HAMS Harm Reduction
"The only freedom which deserves the name is that of pursuing our own good in our own way, so long as we do not attempt to deprive others of theirs, or impede their efforts to obtain it. Each is the proper guardian of his own health, whether bodily, or mental or spiritual. Mankind are greater gainers by suffering each other to live as seems good to themselves, than by compelling each to live as seems good to the rest."
John Stuart Mill, On Liberty, 1859
HAMS - Drug Harm Reduction Network
- Has U.S. started an Internet war? June 18, 2013
- Talking Marijuana with Dr. Jeffrey Miron June 18, 2013
- Stop Tossing Billions Into The Tax Pot Trying to Fight Pot June 17, 2013
- U.S. Supreme Court sides with Oklahoma in water case June 15, 2013
- Ky.’s senators blocked in effort to legalize hemp June 7, 2013
- Anger swells after NSA phone records collection revelations June 7, 2013
- A Starbucks for Pot? National Chain of Marijuana Stores in the Works June 3, 2013
- In Honor of Richard James Rawlings 1961-2013 February 28, 2013
- Hemp vs. marijuana: Deciphering the differences is full of complexities February 10, 2013
- State Lawmaker Wants To Take All Misdemeanor Offenders' DNA February 9, 2013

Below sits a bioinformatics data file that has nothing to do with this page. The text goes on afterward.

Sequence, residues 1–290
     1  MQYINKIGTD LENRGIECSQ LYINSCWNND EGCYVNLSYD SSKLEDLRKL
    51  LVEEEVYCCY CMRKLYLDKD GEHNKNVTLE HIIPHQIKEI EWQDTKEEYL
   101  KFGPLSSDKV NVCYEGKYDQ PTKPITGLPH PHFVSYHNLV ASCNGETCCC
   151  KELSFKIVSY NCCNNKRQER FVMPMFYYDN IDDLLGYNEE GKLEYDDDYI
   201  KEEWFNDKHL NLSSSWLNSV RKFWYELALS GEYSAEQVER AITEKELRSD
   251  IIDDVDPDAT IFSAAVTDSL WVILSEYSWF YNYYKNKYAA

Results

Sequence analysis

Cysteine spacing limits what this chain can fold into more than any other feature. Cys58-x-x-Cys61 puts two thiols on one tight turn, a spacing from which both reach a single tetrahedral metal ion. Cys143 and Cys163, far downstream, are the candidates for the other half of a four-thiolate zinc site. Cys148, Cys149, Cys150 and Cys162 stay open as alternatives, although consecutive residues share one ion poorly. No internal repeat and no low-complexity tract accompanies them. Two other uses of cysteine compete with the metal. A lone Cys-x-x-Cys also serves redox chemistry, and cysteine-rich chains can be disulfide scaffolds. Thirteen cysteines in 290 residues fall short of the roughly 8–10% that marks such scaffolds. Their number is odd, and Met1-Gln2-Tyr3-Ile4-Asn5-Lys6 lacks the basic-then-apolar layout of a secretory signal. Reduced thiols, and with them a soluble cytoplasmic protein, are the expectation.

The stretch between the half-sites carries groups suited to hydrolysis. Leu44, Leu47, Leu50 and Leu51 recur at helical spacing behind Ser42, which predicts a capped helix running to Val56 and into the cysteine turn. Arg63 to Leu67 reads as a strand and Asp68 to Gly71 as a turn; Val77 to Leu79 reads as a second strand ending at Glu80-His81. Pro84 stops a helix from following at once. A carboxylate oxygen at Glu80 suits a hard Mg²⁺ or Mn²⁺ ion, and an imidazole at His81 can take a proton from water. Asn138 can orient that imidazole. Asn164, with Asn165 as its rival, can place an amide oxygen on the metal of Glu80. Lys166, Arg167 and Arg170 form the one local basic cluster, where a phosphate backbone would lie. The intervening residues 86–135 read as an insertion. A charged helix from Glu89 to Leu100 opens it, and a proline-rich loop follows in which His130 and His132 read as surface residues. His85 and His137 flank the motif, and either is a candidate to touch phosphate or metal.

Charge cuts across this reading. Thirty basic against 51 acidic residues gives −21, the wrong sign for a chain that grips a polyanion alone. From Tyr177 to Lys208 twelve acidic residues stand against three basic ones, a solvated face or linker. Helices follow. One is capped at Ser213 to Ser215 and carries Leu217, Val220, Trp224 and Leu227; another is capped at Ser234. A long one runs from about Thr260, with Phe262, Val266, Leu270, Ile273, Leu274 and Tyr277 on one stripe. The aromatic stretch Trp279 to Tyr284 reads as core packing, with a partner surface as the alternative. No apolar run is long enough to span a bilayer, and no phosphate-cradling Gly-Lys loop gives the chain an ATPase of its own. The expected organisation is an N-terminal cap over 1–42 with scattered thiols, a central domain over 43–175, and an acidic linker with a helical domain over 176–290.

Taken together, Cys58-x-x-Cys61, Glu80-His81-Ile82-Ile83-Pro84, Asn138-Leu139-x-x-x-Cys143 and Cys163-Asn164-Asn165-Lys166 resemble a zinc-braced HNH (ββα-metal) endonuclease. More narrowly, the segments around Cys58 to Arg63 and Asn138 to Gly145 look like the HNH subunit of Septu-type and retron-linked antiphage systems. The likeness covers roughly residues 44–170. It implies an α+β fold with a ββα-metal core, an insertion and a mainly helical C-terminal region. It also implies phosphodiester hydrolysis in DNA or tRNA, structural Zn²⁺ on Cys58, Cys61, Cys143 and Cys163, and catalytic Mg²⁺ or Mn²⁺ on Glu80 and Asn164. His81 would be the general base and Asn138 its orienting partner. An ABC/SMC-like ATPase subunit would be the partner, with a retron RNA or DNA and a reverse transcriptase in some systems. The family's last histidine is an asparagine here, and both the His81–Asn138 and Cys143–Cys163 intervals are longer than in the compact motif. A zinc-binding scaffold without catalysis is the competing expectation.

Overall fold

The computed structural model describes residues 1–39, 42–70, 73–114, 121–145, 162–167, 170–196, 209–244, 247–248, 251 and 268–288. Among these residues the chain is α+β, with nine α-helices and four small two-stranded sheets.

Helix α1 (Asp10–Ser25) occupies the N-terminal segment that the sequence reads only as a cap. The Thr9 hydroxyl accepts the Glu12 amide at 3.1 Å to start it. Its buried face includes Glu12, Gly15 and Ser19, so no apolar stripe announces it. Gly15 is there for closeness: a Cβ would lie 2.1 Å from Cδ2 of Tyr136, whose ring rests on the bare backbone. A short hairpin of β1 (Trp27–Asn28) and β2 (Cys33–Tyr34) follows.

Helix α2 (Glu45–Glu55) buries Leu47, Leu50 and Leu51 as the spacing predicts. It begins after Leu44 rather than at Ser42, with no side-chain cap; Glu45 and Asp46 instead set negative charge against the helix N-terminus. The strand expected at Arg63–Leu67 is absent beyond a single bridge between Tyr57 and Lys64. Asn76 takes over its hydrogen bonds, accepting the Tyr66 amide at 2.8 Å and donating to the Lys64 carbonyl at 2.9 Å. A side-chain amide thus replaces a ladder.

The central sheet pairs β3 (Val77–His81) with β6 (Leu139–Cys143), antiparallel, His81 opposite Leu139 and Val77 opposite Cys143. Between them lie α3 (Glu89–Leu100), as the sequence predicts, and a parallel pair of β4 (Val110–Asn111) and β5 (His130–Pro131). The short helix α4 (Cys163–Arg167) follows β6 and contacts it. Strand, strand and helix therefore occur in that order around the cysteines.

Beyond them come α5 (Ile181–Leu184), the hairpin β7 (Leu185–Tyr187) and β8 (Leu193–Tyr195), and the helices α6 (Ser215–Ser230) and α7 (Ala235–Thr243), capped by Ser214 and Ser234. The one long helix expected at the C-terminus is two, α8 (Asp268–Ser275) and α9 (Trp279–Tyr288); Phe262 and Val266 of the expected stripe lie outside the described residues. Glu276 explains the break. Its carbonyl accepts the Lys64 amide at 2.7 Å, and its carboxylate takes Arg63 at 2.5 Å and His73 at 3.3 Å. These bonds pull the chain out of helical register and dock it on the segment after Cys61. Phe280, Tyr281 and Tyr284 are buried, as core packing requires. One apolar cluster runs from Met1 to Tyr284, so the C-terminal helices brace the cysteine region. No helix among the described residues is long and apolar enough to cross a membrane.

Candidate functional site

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“Dark and Dangerous Ground”The Dark and Bloody Ground The popular belief that the name Kentucky means "Dark and Bloody Ground" is apparently without foundation. Yet through the years, the image has persisted in literary and oral tradition as a description of the Kentucky country. One traditional explanation sites Delaware legend in which the ancient tribe of the Lenni-Lanape allied with the Iroquois to fight the Allegewi, the original inhabitants of Kentucky. In a single bloody battle the Allegewi were virtually exterminated. The land where an entire nation had been eradicated became known as the "dark and bloody ground". The violent clashes between the Iroquois and the southern Indians only helped reinforce the image. In his book, "Historical Sketches of Kentucky" (1874), Richard H. Collins says that a northern Indian once asked Indian fighter Joseph H. Daveiss how white men could live in land that had seen so much bloodshed. The Indian said that the ghosts of those killed in the Indian wars haunted the land making it dangerous. At the execution of the Treaty of Sycamore Shoals the Cherokee Cheif Dragging Canoe is said to have told Col. Richard Henderson that the lands south of the Kentucky river were "bloody ground"and would be "dark and difficult to settle". However Ruben T. Durrett said in his book, "The Centenary of Kentucky"(1892) that the phrase was used to discourage Henderson from purchasing the land.
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